Register at https://www.kayaktheriver.com/trips/river-events/

2023 Chamber Kayak Paddle, with special guest paddler WNEP Chelsea Strub.

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Leadership Wyoming Tosses Bags For New Back To School Kicks For Kids!

Chamber News

Leadership Wyoming “tossed it in the hole”, raising over $7,000 at their cornhole tournament for Interfaith Friends’ Back to School shoe program. The day included 30 teams competing for prizes, plus members from the community rallied for BBQ from Control Tech and took their shot at basket raffles and prizes. A winning day for a worthy cause! Thank you to all the businesses and community members that sponsored and supported the 2024 Leadership Wyoming Project.

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Understanding Your Profit and Loss Statement: A Step-by-Step Guide

Chamber News, Uncategorized

Understanding Your Profit and Loss Statement: A Step-by-Step Guide


Welcome! This week’s feature will focus on empowering our local business owners with practical financial knowledge. Today, we’re diving into a crucial tool for any business owner: the Profit and Loss Statement (P&L). This financial document, also known as an income statement, provides a clear snapshot of your business’s financial performance over a specific period. Let’s break it down step-by-step to understand how to read it effectively.


Step 1: Recognize the Components

A typical P&L statement is divided into several key components:

  • Revenue: This section lists the total income generated from your business activities, including sales of products or services before any expenses are deducted.
  • Cost of Goods Sold (COGS): Direct costs attributable to the production of the goods sold in your company. This includes materials and labor costs directly tied to service delivery or product creation.
  • Gross Profit: Calculated by subtracting COGS from Revenue. This figure tells you how much money is left to cover all other expenses after covering the cost of sales.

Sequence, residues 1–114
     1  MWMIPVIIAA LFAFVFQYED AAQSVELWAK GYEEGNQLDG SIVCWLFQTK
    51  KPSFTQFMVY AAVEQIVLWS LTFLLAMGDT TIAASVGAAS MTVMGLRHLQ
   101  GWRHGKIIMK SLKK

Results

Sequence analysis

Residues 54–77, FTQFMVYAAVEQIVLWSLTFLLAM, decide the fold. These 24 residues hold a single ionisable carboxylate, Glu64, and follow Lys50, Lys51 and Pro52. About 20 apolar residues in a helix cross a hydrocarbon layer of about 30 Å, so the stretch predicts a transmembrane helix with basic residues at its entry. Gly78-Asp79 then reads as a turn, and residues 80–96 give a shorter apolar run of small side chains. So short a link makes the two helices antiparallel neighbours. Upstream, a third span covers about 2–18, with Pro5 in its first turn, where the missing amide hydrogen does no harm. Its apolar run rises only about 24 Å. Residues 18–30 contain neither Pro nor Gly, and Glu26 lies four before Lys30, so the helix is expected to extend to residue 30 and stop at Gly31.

Step 2: Analyze Operating Expenses

Operating expenses are the costs associated with running your business that are not directly linked to the creation of your product or service. These can include:

  • Salaries and wages: Payments to employees.
  • Rent: Cost of property used for business operations.
  • Utilities: Electricity, water, internet, and other necessary services.
  • Marketing and advertising: Costs to promote your business. Summing these expenses gives you the total operating expenses.


Step 3: Calculate Net Operating Income

Subtract the total operating expenses from the gross profit to determine your Net Operating Income (NOI). This number highlights the profitability of your business operations without considering other income sources, taxes, and additional expenses.


Step 4: Consider Other Income and Expenses

This section includes revenues and costs not directly tied to regular business operations, such as:

  • Interest income: Money earned from bank deposits.
  • Rental income: If you rent out part of your business space.
  • Interest expense: Cost of borrowed funds. Adding or subtracting these will adjust your NOI to show your earnings before taxes.


Step 5: Deduct Taxes to Find Net Income

Finally, subtract any taxes owed from the earnings before taxes to arrive at your Net Income. This is the bottom line that tells you the actual profitability of your business after all expenses and taxes.


Step 6: Review and Compare

Now that you have your net income, compare it with previous periods to identify trends, patterns, or areas needing attention. Are your operating expenses creeping up? Is your gross profit margin improving? These insights can help guide your business decisions.



Understanding your Profit and Loss Statement is essential for making informed financial decisions and steering your business towards greater profitability. Regular reviews will help you recognize financial trends, manage expenses, and highlight opportunities for growth.


I hope this guide has been helpful. If you have questions or need further assistance understanding your P&L statement, consider reaching out to a financial advisor, accountant, bookkeeper, or i-Balanced. Remember, staying informed is key to business success!